TetraKit: The Universal Labeling Platform
The TetraKit platform is based on novel click chemistry, which occurs rapidly at very mild conditions, without any purification of the final product needed. This approach can be applied to, for example, small molecules, peptides, antibodies or nanoparticles. Moreover, it can be easily implemented routinely in radiopharmacies as it is based on a kit-labeling strategy. The TetraKit labeling technology is therefore ideally suited for theranostic applications.
Theranostics is a new concept within clinical nuclear medicine, which combines radionuclide therapy with diagnostic nuclear imaging. Theranostics relies on complementary pairs of radiopharmaceuticals - compounds where a radionuclide is attached to a cancer targeting vector. Radiopharmaceuticals specifically target tumors when injected into a patient. In theranostics, the same targeting vector is labeled with radionuclides that have different properties. Diagnostic radionuclides, such fluorine-18, make it possible to identify tumor lesions by means of positron emission tomography (PET) imaging. Putting a therapeutic radionuclide, such as astatine-211, on the same vector allows to destroy the same tumor lesions by means of targeted radionuclide therapy (TAT). Theranostics is ideal for treating metastatic cancer, which is the main challenge in current cancer management and often the reason for cancer reoccurrence.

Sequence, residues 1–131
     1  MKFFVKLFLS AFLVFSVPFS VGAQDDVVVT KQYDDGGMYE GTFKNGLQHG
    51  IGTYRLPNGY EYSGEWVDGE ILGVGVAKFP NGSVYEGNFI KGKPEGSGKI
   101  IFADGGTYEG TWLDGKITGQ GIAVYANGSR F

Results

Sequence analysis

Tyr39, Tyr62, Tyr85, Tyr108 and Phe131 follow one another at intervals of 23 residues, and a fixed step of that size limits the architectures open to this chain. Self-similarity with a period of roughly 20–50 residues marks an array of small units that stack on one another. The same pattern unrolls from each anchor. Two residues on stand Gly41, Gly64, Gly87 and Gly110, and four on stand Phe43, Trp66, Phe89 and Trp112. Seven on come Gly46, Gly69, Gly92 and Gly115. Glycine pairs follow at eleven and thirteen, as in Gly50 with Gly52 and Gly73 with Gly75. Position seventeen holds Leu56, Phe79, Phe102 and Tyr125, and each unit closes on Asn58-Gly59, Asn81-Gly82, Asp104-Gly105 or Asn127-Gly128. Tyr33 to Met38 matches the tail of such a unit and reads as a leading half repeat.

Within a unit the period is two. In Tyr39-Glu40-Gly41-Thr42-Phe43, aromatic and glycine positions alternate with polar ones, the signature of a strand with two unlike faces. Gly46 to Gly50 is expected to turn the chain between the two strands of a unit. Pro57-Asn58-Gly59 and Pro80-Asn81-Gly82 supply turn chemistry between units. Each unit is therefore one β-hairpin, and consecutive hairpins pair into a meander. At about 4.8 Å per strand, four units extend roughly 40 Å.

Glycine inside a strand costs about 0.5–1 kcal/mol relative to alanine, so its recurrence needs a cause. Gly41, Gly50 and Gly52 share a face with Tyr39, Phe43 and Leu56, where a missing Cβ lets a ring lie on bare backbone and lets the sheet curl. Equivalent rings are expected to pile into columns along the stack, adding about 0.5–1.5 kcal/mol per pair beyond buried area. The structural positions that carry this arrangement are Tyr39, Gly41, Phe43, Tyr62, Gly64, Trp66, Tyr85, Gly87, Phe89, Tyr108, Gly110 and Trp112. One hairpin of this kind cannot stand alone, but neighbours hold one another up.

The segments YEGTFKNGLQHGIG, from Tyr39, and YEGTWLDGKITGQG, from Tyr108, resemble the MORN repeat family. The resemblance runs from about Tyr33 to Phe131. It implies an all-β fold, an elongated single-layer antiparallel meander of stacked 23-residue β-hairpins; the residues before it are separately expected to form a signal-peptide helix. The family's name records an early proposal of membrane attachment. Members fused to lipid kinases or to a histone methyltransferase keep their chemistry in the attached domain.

Positron emission tomography (PET) for diagnostic imaging
Positron emission tomography (PET) is the most advanced form of diagnostic nuclear imaging, increasingly dominant in the clinic since 1995. It employs radiolabeled molecules known as radiotracers, which are manufactured by chemically combining a cancer-targeting vector with a positron emitting radioisotope. After PET radiotracers are administered to the patient by intravenous injection, they recognize and bind to tumor cells and accumulate in tumors and metastases. The patient is then scanned with a PET scanner producing a three-dimensional, quantitative image. PET can detect tumor lesions long before CT, MRI or SPECT, which improves diagnostic precision and treatment outcomes.
Targeted alpha therapy
Targeted alpha therapy (TAT) relies on antibodies, peptides and other targeting vectors conjugated to alpha-emitting radionuclides. Like PET radiotracers, TAT agents target tumor lesions by recognizing specific receptors on cancer cells and binding to them.
Thanks to the short travel distance of alpha-particles (a few micrometers), TAT agents deliver a highly focused radiation dose to cancer cells and spare surrounding healthy tissue from radiation damage. Alpha-particles create double-strand DNA breaks, which lead to cell death. Therefore, alpha-emitters are more effective at killing cancer cells than beta-emitters which are currently applied in the clinic.